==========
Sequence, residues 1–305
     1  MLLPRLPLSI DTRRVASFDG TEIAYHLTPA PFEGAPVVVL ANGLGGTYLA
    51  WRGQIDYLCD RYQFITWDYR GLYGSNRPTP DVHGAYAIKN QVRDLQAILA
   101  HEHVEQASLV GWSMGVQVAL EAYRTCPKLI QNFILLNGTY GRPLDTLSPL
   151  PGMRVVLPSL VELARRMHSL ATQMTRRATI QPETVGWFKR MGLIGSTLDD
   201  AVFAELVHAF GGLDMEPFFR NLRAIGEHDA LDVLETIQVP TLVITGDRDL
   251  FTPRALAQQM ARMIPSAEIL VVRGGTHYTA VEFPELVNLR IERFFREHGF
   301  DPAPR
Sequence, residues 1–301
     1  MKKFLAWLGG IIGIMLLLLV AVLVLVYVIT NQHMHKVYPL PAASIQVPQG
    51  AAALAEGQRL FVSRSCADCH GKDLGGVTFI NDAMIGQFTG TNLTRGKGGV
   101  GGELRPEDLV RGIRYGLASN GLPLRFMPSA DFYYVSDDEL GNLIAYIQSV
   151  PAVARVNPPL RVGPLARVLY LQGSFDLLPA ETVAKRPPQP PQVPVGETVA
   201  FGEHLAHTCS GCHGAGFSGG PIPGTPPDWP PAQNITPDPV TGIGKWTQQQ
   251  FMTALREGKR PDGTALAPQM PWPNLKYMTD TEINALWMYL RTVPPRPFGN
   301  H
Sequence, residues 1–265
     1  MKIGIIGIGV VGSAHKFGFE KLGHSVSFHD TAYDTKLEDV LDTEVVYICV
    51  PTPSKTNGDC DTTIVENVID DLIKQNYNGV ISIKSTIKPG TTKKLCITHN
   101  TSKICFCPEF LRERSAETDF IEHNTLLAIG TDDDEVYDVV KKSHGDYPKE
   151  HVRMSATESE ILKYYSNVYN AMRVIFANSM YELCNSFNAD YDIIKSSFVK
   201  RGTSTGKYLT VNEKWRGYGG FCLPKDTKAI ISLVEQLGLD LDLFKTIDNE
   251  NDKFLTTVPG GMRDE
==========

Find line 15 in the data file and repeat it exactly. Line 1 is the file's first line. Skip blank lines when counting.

   251  FMTALREGKR PDGTALAPQM PWPNLKYMTD TEINALWMYL RTVPPRPFGN